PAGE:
Which brings the issue of “change” in Malaysia. Change needs to be defined or re-defined or even re-conceptualised. To suggest that “change” in the Malaysian political context is “constant” is silly without defining it and indeed even its context. There isn’t just one kind of change and there isn’t only one kind of context in existence or co-existence in Malaysia. never has been. Never will. I take the diametrically opposite view, despite the advent of political activism and the internet and the so-called embolding of the opposition parties. Take PAS as an example: it too has changed in one sense but hasn’t in another sense. It has been emboldened in one sense but not in another sense.

    This is the problem with the scholarship on Malaysia. Its “specialists” keep suggesting change but their analyses clearly show nothing fundamentally has change in Malaysia. This is the problem with the “culturalists” and the “institutionalists” among scholars who specialise on Malaysia.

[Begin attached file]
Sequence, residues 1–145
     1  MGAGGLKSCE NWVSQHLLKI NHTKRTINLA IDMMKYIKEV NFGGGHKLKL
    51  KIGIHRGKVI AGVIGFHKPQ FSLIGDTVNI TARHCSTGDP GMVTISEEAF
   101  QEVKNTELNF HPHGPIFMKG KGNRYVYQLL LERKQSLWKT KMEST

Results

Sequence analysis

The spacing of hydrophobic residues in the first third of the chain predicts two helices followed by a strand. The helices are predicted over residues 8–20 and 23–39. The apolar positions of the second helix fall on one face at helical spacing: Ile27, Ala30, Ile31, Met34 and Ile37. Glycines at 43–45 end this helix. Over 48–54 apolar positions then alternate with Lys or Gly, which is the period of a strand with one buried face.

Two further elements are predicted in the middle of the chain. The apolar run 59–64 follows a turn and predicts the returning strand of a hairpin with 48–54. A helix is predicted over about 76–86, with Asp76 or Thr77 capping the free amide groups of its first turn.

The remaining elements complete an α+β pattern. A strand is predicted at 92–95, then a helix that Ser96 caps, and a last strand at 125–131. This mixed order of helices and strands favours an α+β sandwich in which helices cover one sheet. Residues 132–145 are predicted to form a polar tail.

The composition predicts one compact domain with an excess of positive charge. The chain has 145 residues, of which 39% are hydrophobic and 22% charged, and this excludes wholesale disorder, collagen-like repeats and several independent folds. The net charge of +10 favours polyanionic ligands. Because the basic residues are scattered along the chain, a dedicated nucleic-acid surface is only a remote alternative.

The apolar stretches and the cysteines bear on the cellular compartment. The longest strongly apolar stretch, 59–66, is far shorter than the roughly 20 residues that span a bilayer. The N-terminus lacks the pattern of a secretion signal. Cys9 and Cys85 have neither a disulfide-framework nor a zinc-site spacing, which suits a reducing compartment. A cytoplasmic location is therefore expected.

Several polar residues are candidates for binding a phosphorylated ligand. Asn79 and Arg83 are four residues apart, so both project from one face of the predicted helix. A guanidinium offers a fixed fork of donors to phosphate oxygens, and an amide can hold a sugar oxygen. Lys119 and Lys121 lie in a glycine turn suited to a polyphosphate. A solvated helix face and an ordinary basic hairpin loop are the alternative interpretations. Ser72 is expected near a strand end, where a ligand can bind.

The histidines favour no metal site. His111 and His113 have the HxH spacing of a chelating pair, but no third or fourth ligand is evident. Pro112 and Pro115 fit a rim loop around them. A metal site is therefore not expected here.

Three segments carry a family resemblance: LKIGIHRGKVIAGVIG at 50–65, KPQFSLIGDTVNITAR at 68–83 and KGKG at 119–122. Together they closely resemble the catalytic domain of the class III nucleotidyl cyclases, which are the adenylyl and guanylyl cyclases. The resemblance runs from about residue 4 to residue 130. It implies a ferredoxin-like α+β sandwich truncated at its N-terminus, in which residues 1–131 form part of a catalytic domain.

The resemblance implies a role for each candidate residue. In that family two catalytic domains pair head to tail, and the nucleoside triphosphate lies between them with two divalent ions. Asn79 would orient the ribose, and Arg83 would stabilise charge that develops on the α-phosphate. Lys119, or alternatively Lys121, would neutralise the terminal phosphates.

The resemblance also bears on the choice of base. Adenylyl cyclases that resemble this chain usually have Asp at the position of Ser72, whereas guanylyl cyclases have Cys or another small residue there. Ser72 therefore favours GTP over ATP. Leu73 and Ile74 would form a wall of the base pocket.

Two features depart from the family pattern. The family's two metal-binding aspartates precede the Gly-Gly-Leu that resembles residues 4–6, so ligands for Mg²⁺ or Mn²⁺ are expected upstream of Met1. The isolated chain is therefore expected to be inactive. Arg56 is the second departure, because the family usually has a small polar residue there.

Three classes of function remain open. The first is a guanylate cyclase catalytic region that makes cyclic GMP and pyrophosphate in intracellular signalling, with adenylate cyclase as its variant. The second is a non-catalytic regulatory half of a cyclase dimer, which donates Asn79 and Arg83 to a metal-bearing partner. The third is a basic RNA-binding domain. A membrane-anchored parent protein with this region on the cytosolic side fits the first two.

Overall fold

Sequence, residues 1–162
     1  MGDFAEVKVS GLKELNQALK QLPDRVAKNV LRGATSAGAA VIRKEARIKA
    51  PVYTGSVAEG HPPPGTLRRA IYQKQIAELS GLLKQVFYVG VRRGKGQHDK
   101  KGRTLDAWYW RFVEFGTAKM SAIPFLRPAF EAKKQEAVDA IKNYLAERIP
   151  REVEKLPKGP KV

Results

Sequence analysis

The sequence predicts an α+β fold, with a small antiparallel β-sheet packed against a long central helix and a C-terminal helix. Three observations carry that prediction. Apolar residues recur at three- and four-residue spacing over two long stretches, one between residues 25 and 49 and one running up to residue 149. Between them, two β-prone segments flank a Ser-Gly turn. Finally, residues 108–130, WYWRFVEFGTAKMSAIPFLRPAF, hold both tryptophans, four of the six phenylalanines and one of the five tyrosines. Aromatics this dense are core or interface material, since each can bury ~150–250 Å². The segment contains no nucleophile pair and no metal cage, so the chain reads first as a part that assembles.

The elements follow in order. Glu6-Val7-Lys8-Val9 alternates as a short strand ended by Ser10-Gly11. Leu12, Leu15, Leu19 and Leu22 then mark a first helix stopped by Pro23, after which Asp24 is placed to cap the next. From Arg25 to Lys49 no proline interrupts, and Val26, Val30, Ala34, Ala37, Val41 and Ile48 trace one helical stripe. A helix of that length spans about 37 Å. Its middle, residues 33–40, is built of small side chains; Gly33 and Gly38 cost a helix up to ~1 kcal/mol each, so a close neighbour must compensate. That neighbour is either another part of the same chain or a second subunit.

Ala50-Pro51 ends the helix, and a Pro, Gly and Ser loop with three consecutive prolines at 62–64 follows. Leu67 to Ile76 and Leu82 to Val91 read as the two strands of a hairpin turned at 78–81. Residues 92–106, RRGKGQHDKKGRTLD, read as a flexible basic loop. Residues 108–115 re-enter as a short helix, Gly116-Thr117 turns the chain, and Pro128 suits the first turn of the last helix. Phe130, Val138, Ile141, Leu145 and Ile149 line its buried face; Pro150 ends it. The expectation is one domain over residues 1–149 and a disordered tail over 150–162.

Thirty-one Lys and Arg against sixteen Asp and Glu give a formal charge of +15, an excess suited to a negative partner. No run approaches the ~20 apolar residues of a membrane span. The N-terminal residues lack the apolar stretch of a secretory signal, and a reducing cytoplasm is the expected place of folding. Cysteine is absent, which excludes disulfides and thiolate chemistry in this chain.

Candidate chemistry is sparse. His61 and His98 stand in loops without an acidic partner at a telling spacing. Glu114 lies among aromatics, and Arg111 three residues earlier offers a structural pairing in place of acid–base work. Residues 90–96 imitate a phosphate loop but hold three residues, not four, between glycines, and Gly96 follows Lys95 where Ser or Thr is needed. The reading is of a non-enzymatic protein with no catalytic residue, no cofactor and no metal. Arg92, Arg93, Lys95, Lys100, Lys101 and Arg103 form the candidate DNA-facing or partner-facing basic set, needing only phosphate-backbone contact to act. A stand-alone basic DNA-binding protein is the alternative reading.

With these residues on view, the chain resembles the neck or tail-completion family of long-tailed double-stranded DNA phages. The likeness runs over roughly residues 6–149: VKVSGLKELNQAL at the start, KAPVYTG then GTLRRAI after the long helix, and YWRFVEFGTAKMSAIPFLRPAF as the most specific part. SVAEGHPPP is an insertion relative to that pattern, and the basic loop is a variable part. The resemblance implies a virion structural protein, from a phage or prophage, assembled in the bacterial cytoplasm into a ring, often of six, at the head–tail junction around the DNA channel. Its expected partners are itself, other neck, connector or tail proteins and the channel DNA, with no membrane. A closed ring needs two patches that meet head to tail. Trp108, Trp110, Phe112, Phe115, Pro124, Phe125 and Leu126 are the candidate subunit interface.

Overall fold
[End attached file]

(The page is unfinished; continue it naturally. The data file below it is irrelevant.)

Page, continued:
Time to re-think and re-canvas Malaysia from staid (old/cliched) academic dictums. It’s fine to take an issues-based approach but what about the theory or theories underpinning the approaches? Have we all become crude positivists/empiricists?